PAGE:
Rising inflation and interest rates globally have impacted markets, with both equity and bond markets dropping to adjust for the rate rise, increasing the return on cash (risk-free rate of return). The ASX is down about 10% for the month (at time of writing).
Signs of inflation have been clear for some time, and well before the Russian invasion of Ukraine. Energy prices were rising mainly due to political ineptitude resulting in underinvestment in power generation. The global economy was reopening with demand far outpacing supply due to supply chain disruptions. This, along with many other contributing factors, has resulted in a general increase in prices.
Central banks globally appeared slow to act given their mandate to maintain price stability. More recently, central banks have aggressively increased rates to combat very evident inflationary pressures. An effective tool to curtain demand is the ‘wealth effect’, whereby consumers feel less wealthy as asset prices fall (or visa-versa). Additionally, those heavily indebted households will experience an increase in debt servicing, although this appears manageable as unemployment is at record lows and incomes are rising. Consumer confidence is low notwithstanding technically full employment.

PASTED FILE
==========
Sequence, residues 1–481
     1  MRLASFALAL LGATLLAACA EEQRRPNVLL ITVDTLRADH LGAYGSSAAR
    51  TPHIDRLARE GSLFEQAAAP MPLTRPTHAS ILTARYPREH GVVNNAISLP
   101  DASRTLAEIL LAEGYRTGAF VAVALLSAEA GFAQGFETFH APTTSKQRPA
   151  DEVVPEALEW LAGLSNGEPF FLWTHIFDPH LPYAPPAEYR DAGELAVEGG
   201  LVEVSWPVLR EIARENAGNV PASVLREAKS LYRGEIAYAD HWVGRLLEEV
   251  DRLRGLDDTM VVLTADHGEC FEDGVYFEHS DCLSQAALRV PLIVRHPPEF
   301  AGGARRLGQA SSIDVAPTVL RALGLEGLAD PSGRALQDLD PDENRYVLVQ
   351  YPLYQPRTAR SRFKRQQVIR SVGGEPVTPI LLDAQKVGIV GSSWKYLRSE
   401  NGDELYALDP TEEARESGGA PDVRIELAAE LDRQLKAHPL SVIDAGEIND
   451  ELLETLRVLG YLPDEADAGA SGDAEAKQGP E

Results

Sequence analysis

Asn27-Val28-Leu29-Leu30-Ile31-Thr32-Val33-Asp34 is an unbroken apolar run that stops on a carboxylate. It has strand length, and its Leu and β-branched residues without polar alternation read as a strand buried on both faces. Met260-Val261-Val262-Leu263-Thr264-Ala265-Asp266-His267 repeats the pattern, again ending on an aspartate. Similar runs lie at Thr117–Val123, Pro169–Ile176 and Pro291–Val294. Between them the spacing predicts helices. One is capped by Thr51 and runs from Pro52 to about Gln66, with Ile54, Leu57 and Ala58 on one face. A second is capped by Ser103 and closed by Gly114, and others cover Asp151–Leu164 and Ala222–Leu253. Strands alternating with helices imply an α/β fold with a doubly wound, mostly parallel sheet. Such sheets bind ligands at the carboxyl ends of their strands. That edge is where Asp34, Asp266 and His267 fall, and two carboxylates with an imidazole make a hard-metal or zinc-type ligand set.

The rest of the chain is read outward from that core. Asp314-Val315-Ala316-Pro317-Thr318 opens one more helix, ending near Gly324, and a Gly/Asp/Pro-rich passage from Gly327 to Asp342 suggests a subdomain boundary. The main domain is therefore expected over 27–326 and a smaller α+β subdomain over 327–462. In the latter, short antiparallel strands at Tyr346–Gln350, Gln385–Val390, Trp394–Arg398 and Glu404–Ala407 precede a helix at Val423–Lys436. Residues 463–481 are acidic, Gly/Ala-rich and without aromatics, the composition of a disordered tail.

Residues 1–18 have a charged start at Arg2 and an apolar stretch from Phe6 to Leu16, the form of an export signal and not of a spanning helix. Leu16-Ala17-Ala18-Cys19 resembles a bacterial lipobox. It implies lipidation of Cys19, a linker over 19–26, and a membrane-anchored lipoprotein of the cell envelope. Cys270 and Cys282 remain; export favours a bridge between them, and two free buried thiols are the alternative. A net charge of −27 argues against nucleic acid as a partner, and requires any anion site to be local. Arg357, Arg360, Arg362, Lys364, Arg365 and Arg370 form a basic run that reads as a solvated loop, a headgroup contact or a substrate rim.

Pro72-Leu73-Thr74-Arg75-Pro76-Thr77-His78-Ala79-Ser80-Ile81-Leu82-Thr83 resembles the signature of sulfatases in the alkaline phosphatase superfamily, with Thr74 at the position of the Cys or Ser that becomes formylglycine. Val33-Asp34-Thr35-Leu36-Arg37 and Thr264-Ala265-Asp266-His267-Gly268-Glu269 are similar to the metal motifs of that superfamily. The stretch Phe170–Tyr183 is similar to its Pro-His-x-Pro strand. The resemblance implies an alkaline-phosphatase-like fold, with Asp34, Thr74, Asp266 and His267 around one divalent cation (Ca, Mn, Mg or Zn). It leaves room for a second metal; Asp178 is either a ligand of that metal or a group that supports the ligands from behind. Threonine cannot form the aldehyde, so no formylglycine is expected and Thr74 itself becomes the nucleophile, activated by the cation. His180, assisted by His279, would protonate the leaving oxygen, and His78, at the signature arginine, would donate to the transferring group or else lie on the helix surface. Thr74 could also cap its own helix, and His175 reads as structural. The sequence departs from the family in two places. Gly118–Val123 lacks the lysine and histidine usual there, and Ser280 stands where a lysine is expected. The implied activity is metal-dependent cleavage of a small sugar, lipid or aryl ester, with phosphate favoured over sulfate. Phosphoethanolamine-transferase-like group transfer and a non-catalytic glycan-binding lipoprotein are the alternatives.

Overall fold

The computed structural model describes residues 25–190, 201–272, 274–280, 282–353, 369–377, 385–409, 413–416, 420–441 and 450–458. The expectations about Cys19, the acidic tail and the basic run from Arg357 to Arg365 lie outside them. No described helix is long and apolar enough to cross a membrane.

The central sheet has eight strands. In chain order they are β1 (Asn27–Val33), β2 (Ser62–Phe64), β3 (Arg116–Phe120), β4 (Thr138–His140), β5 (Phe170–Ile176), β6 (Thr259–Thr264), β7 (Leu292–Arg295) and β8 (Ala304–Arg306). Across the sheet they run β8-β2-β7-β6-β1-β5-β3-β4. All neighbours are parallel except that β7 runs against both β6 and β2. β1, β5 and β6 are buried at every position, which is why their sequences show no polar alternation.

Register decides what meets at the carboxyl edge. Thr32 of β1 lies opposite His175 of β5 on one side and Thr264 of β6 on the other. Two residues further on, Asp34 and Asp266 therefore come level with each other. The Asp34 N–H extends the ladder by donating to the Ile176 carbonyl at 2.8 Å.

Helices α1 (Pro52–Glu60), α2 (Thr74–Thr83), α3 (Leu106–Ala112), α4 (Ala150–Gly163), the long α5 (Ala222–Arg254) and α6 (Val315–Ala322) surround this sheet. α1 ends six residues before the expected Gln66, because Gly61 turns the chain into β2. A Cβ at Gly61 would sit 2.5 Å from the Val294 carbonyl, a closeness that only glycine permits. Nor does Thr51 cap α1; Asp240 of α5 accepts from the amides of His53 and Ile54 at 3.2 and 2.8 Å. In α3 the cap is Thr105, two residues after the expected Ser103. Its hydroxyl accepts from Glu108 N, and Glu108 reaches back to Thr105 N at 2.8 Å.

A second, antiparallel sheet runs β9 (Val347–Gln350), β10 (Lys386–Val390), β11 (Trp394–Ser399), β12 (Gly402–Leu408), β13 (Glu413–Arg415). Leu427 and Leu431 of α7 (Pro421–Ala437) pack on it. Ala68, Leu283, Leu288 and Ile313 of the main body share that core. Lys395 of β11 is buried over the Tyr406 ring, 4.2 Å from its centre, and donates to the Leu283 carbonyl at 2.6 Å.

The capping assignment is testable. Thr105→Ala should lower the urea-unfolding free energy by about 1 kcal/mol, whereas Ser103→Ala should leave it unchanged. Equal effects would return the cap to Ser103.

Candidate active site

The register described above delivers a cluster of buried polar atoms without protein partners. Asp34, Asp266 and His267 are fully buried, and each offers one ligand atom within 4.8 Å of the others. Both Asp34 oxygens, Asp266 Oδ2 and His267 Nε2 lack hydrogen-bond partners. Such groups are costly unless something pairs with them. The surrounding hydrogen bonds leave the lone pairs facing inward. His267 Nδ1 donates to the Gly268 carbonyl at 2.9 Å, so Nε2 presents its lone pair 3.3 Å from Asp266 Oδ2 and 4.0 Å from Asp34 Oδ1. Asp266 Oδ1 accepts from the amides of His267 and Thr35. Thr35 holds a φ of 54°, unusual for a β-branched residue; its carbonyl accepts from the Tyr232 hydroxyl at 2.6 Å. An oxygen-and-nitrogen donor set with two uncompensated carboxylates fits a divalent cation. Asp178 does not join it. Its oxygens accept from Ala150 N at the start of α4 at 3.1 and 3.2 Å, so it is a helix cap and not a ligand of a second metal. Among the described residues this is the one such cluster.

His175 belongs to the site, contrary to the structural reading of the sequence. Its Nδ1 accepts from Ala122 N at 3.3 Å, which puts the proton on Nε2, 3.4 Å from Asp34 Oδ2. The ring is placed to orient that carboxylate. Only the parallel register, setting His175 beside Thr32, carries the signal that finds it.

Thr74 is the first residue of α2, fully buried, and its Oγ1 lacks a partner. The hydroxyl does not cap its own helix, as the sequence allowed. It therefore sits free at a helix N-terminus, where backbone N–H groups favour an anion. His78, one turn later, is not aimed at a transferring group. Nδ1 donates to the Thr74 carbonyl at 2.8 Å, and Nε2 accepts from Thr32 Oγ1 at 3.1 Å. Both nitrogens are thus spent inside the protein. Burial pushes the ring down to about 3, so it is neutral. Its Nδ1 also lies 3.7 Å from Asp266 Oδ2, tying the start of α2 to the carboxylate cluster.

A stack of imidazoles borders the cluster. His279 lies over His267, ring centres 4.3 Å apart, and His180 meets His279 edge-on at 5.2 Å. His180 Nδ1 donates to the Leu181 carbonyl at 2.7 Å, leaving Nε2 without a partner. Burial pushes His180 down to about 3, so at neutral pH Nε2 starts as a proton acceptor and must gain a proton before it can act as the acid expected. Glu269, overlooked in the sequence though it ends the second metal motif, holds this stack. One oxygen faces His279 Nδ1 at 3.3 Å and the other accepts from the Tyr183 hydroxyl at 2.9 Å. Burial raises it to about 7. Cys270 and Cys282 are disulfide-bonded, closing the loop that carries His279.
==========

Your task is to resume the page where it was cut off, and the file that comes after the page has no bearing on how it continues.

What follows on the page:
In short, interest rates are normalising from emergency settings impacting markets and the consumer. The US consumer accounts for 14% of global GDP, and a large portion of them are under stress (approximately 50% have zero savings). The market is cycling enormous growth.
Without attempting to forecast future macro movements, it appears that several factors that have contributed to inflation are now reversing. For example, container shipping costs have dropped sharply.
Shipping freight costs:
Scrap metal prices have also fallen:
Equity valuations have returned to what is considered ‘normal’.
If earnings can be maintained, or fall only slightly, valuations appear reasonable. The valuation gap between the return on equities versus that of cash (risk-free) has been maintained. High quality large-cap companies have been sold off in what is a broad market retracement. These companies have weathered numerous cycles and should do so in this instance. When things become clearer, share prices will adjust accordingly.
Finally, China remains a key factor, as it commences an interrupted reopening, freeing up of supply chains (Shanghai is the largest freight terminal globally) and increasing demand for commodities.
The market tends to overshoot in both directions. The pending end-of-financial year results will tell an interesting story.